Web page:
After countless man hours and additional funding put in place to protect your business from cyber-attacks, there will always be residual risk of a breach. If a breach still happens after all the hard work you and your team put in, it would be easy to resign yourself to the fact that it was all for nothing. What you must focus on though is that all that hard work made it much more difficult for that breach to occur. A hacker may spend days, weeks or months attempting to breach a network, and they only have to be lucky once to call their operation a success. If they manage to do so, the best thing you and your team can do is ensure you learn from it.
After every operation in the military, both training and real-world, comes an After Action Review (AAR), and you should conduct one of your own to learn as much as you can about any cyber incident. An AAR has several parts which are key to ensuring you learn as much as possible about the incident:
- What was supposed to happen? Determine what measures were in place to prevent breaches and exactly how your team was trained to respond to them. Make a list of everything that should have happened from the moment a breach was detected, up until the moment it was contained.
- What actually happened? Using the list you made of what should have happened, compare it to what actually happened.
- Sustains. List everything about the reaction to the breach that provided positive results. This might include the technical controls that were in place that limited a breach, and the action taken by your team that contained any losses.
- Improves. Carefully analyze anything that didn’t work out as planned and include any additional actions that could be taken to help in the future.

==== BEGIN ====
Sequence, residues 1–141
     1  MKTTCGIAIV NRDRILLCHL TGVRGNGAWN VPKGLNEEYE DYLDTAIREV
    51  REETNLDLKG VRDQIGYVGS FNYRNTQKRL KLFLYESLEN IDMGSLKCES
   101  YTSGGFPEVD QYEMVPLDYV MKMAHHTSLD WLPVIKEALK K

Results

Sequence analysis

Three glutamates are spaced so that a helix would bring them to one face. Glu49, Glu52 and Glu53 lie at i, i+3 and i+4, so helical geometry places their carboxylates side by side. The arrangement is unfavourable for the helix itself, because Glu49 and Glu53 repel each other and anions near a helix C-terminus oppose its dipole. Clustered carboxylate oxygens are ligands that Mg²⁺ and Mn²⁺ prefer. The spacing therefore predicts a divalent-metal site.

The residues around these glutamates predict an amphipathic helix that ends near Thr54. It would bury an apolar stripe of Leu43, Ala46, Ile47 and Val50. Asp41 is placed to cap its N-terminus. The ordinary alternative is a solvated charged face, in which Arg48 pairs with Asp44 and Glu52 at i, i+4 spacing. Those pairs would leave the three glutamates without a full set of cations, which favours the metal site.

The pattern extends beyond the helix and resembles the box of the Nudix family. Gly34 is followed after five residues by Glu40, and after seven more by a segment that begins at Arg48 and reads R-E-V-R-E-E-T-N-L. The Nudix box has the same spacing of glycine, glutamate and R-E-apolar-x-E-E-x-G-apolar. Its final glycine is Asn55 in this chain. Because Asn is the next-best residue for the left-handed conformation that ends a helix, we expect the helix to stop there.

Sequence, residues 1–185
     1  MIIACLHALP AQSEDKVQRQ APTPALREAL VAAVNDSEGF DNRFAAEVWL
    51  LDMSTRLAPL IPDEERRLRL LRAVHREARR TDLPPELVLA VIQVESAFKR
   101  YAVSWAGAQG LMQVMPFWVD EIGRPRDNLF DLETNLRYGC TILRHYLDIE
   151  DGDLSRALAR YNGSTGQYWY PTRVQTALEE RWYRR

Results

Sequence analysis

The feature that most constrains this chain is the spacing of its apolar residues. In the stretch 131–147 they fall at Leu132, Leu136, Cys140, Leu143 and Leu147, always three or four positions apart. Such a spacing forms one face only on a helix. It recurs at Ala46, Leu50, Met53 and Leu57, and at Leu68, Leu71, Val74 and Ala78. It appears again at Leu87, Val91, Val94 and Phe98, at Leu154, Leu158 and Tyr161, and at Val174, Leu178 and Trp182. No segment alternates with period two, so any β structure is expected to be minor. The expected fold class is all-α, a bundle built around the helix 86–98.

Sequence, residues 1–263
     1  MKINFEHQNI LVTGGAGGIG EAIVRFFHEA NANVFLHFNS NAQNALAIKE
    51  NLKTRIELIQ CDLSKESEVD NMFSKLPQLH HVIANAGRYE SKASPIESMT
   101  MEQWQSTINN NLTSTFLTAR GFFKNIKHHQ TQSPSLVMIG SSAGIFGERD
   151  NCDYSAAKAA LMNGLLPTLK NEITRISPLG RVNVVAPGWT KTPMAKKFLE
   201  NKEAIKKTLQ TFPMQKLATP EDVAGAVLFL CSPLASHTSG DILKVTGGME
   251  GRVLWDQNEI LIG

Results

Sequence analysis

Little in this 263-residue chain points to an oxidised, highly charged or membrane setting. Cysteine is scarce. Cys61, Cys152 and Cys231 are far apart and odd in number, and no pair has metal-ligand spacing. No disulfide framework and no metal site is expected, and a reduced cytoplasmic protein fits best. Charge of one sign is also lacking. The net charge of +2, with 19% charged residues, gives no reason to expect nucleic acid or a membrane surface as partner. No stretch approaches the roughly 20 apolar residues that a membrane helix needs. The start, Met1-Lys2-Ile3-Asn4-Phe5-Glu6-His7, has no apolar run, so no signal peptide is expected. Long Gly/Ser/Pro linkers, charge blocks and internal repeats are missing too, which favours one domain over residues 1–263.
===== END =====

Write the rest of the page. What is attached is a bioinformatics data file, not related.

You can tailor an AAR to your needs, but the most important thing that should come out of it should be positive change for the future. I know from experience that even the best AAR’s have a habit of getting filed away and never acted upon. When that happens, similar outcomes will continue to occur and no forward progress is made.
As well as an AAR, you should carefully analyze all the technical security controls you have in place to test their functionality. You will need to know how they performed during the breach to determine if any of them failed and will need to be updated or replaced. Because there are so many different types of attack, some basic steps to take are as follows:
- Determine exactly what devices or networks were compromised and determine if any data was lost.
- If possible, find the perpetrator(s) of the attack. This may involve bringing in a specialist which can be expensive, but there are also many useful forensic tools that can help find any evidence left behind by an attacker and exactly what they gained access to.
- Update or replace any hardware or software that was breached. Attackers are constantly working on new avenues of attack by finding new vulnerabilities. Keeping your hardware current and your software patched can prevent you from succumbing to attacks that could be prevented.
- Ensure your backup process is robust. If data was compromised you may need to restore your systems from a backup, and now would be a terrible time to discover that your process was flawed. To ensure smooth transitions and minimal downtime in the future, test the restoration from backup and make sure everything works as expected.
- Change all login credentials. This may seem trivial, but any breach of a computer system or network may provide a hacker unauthorized access in many different ways. The cheapest and easiest way to prevent easy access is to force all network credentials to be changed.
- Update your risk register. To ensure you have a complete record of the breach and your response to it, update your risk register with all the information you obtain in the AAR and all other reviews of the incident. Keeping this log is instrumental in preventing future breaches.
Whatever you do after a breach, debrief your team appropriately and adjust your training plan accordingly. A knowledgeable and motivated staff is your first and best line of defense against data breaches.